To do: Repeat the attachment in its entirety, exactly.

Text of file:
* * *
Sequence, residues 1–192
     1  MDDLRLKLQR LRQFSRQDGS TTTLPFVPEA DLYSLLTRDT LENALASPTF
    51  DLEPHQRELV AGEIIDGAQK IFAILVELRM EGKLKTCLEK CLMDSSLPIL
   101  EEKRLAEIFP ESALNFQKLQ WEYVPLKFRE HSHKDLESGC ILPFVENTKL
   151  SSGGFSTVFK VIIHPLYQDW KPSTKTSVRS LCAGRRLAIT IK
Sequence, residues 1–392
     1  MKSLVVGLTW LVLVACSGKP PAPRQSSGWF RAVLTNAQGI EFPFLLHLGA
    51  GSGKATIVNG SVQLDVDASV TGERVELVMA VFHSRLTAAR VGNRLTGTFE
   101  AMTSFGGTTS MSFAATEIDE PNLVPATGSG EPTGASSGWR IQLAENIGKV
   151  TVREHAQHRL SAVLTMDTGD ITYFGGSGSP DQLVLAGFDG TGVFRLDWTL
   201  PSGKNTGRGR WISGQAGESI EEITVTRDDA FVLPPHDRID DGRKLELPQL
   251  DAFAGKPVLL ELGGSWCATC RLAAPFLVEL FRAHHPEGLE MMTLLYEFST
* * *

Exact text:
Sequence, residues 1–192
     1  MDDLRLKLQR LRQFSRQDGS TTTLPFVPEA DLYSLLTRDT LENALASPTF
    51  DLEPHQRELV AGEIIDGAQK IFAILVELRM EGKLKTCLEK CLMDSSLPIL
   101  EEKRLAEIFP ESALNFQKLQ WEYVPLKFRE HSHKDLESGC ILPFVENTKL
   151  SSGGFSTVFK VIIHPLYQDW KPSTKTSVRS LCAGRRLAIT IK
Sequence, residues 1–392
     1  MKSLVVGLTW LVLVACSGKP PAPRQSSGWF RAVLTNAQGI EFPFLLHLGA
    51  GSGKATIVNG SVQLDVDASV TGERVELVMA VFHSRLTAAR VGNRLTGTFE
   101  AMTSFGGTTS MSFAATEIDE PNLVPATGSG EPTGASSGWR IQLAENIGKV
   151  TVREHAQHRL SAVLTMDTGD ITYFGGSGSP DQLVLAGFDG TGVFRLDWTL
   201  PSGKNTGRGR WISGQAGESI EEITVTRDDA FVLPPHDRID DGRKLELPQL
   251  DAFAGKPVLL ELGGSWCATC RLAAPFLVEL FRAHHPEGLE MMTLLYEFST